Now back to economic news—what's a tuna go for nowadays?

Geoff Perth Western Australia


I read this article


written by Lewis Lapham, a beautifully articulated message on how, within just his short lifetime, the oceans have been pretty much destroyed.

Cheers Geoff


Watched the video and Diogenes's suggestions. Very good. I'll add one to it.

Overfishing and more: SEA THE TRUTH

It has some excellent stuff with Dr. Pauly, it goes over how governmental sibsidies to the fishing industry contribute to the problem, how fish pills are an obscene waste, and many other issues.

The only possible solution is to accept LESS, and as we know this is anathema to growing economies and populations.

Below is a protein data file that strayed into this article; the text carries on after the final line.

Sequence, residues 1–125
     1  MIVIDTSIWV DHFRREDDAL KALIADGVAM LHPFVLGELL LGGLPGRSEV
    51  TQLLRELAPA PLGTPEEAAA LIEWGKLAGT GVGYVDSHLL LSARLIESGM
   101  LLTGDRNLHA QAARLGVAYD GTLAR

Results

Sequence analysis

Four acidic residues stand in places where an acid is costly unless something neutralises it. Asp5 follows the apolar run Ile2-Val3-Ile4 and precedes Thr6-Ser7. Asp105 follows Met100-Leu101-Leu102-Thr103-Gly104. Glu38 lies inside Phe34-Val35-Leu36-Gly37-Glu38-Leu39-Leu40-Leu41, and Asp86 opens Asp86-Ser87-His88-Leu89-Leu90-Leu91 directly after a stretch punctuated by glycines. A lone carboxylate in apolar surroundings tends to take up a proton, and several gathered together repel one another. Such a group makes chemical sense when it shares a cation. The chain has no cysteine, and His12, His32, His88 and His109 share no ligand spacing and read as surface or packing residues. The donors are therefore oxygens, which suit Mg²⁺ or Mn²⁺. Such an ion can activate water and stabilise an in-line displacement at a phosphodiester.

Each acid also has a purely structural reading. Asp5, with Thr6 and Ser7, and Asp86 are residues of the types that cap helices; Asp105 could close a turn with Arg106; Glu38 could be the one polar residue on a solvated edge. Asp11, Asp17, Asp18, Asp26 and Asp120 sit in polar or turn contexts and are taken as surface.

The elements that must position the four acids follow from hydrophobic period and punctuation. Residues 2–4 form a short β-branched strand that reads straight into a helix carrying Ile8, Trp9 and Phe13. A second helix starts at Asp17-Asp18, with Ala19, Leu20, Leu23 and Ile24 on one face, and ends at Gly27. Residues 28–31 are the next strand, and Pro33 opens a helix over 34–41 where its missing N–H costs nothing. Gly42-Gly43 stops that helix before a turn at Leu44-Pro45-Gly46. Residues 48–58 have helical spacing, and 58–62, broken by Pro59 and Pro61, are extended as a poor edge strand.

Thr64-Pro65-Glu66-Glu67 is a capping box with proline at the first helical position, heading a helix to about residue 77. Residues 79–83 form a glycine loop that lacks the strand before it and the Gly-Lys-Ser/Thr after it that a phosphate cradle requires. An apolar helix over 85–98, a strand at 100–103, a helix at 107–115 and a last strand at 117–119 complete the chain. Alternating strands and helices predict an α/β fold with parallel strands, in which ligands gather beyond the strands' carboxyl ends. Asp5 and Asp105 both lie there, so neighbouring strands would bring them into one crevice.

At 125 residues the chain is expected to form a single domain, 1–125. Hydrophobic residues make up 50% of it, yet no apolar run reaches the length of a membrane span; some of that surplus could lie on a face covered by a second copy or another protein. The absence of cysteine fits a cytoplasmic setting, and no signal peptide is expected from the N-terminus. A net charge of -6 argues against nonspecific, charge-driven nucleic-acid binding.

Ty for sharing this Dave. I bookmarked the video, I'll set aside time to watch it later this week.


I recently picked up a diving magazine, lulled in by the usual cover showing a brightly colored fish. What's inside? A picture of a reef that's been dynamited, an article about it, and another article about sharks disappearing from Cocos Island (which is a UNESCO world heritage site and sanctuary). It really made me angry.

I can't escape this stuff because it's my deepest interest. Every time I look for good news I get the opposite instead. Fish and sea life are the hardest to protect, because they are, as you say, invisible (except to snorkelers and divers) and are also not "cute". Lots of people consider them below every other form of animal, and will eat them but won't eat cow or pig or chicken. Even cartoons that won't show a pig being cooked or animals being killed make an exception for fish.